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Pilate's Wife: A Novel of the Roman Empire
Pilate's Wife A Novel of the Roman Empire
Author: Antoinette May
Claudia's dreams have an uncanny way of coming true. She often "sees" things, real things, before they happen. But her gift can also be a curse in a time of deadly politics and social unrest. While destiny leads her to the temple of Isis, to Pompeii's Villa of Mysteries, the infamous snake pit of Pergamon, and into the arms of the Roman magistra...  more »
ISBN-13: 9780061128660
ISBN-10: 006112866X
Publication Date: 10/1/2007
Pages: 400
  • Currently 3.8/5 Stars.

3.8 stars, based on 29 ratings
Publisher: Harper Paperbacks
Book Type: Paperback
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reviewed Pilate's Wife: A Novel of the Roman Empire on + 1056 more book reviews
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The tale is told by Claudia, the wife of Pilate, who has visions of the future. Drawn by the goddess, Isis, she becomes an initiate and follower. She travels with her family because her father is a good friend of Germanicus, her uncle and a famous general. Men have no interest for Claudia until she is drawn to Pilate and marries him. At this point Germanicus becomes ill and is the first of the family to die. She loses her parents, two brothers, her sister and her aunt at the whim of Tiberius. Knowing that her husband has other women, she has just her daughter to comfort her. She has encounters Holtan, a famous gladiator, whom she met as a child, when she "saw" he would win in the arena. Drawn to him, she realizes that she loves him. Claudia has an affair with Holtan which is discovered by Tiberius' wife, Livia, who arranges to have Pilate and Claudia sent to Judea. She begins having visions about crosses, death and a face she has seen before - Jesus, of course. Then her lover dies of the plague. This is a pleasant if predictable read because we know the story so well.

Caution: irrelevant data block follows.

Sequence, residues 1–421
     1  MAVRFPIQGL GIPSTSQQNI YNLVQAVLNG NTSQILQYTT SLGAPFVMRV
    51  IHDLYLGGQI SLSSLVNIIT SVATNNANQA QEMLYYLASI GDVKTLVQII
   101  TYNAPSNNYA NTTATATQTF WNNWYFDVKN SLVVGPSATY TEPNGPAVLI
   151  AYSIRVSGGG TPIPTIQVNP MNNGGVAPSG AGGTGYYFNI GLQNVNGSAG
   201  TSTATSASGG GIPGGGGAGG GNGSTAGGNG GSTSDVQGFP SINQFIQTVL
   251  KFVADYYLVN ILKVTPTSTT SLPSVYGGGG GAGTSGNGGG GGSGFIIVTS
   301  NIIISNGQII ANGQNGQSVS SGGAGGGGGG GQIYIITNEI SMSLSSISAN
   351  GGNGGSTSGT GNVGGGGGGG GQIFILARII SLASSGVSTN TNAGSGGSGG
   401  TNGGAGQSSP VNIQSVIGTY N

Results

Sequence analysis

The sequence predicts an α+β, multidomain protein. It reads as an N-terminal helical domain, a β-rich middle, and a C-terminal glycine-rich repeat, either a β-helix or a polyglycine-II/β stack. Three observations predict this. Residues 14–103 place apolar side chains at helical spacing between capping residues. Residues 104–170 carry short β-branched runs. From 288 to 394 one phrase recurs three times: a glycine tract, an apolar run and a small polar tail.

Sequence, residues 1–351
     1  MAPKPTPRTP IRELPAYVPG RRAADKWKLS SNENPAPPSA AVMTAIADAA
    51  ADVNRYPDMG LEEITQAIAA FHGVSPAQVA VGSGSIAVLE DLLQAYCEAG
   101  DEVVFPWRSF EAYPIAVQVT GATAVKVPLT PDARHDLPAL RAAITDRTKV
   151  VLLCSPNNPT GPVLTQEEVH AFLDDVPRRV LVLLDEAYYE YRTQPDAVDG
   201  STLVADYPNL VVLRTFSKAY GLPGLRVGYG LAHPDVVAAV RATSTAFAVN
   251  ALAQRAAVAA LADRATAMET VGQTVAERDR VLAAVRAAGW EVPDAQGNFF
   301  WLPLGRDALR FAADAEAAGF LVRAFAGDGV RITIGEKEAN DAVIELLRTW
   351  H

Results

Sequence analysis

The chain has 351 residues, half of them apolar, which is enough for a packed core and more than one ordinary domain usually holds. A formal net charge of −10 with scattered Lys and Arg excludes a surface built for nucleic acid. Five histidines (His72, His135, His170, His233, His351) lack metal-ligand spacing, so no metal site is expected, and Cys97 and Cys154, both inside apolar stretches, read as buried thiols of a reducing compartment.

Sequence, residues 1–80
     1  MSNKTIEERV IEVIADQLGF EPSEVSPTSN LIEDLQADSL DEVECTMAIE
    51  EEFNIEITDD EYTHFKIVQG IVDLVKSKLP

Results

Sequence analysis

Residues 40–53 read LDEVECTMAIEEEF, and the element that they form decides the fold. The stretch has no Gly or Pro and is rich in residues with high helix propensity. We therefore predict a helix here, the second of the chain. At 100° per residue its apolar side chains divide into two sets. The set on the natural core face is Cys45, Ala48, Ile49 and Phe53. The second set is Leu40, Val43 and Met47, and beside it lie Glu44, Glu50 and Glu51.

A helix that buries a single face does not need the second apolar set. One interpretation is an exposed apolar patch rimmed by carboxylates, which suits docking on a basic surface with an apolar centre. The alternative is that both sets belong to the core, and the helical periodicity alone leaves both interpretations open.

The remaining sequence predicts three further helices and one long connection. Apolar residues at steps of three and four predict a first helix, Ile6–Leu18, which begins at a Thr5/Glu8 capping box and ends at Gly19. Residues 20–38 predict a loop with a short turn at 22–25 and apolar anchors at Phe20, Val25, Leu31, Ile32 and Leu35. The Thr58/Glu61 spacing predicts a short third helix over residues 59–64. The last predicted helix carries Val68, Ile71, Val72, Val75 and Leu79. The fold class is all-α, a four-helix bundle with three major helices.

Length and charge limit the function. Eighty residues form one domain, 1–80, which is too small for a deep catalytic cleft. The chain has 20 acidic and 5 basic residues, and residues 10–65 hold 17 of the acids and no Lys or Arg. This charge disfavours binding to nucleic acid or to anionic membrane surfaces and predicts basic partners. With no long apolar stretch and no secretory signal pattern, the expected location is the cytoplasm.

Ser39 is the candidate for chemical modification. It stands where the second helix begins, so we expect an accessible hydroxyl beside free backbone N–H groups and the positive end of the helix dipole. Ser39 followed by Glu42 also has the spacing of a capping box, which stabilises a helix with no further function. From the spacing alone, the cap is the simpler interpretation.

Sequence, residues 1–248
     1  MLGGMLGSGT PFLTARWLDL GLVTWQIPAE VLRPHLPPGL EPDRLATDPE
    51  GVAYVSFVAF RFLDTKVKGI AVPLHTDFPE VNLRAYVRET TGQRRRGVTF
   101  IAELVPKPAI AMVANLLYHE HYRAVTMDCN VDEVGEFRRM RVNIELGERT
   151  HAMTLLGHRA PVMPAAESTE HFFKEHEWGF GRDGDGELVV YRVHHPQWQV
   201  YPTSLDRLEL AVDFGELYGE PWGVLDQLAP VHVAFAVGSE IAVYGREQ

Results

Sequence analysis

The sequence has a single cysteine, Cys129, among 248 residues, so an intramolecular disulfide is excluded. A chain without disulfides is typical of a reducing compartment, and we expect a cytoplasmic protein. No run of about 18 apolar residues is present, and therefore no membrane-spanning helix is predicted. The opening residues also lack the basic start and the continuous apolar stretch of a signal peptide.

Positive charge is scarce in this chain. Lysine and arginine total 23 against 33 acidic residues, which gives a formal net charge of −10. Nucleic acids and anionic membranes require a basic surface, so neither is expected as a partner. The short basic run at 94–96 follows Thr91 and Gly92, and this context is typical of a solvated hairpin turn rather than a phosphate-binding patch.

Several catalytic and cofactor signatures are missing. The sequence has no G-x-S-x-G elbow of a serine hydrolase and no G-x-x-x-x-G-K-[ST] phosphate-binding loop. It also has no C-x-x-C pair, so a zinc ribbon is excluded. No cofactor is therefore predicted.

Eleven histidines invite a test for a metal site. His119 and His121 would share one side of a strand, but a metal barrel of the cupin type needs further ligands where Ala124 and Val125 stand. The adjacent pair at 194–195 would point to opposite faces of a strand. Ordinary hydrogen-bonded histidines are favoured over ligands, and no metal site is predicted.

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reviewed Pilate's Wife: A Novel of the Roman Empire on
Claudia is a woman from a wealthy family, living in Rome. At the marrying age, she spies Pilate from afar, and asks her goddess Isis to cast a love spell on him. They marry, and go through what many couples today go through - loss of love, boredome, betrayal, but manage to keep their marriage together - fortunately for Claudia because Pilate could have her put to death. They travel throughout the Roman Empire, ending up in Judea at the time of Christ. As a Christian, the Roman point of view was an interesting perspective of Jesus' crucifixion. The disparity between the Roman way of life and the Jewish culture could have been develop more, but the picture was made very clear. I thoroughly enjoyed this book.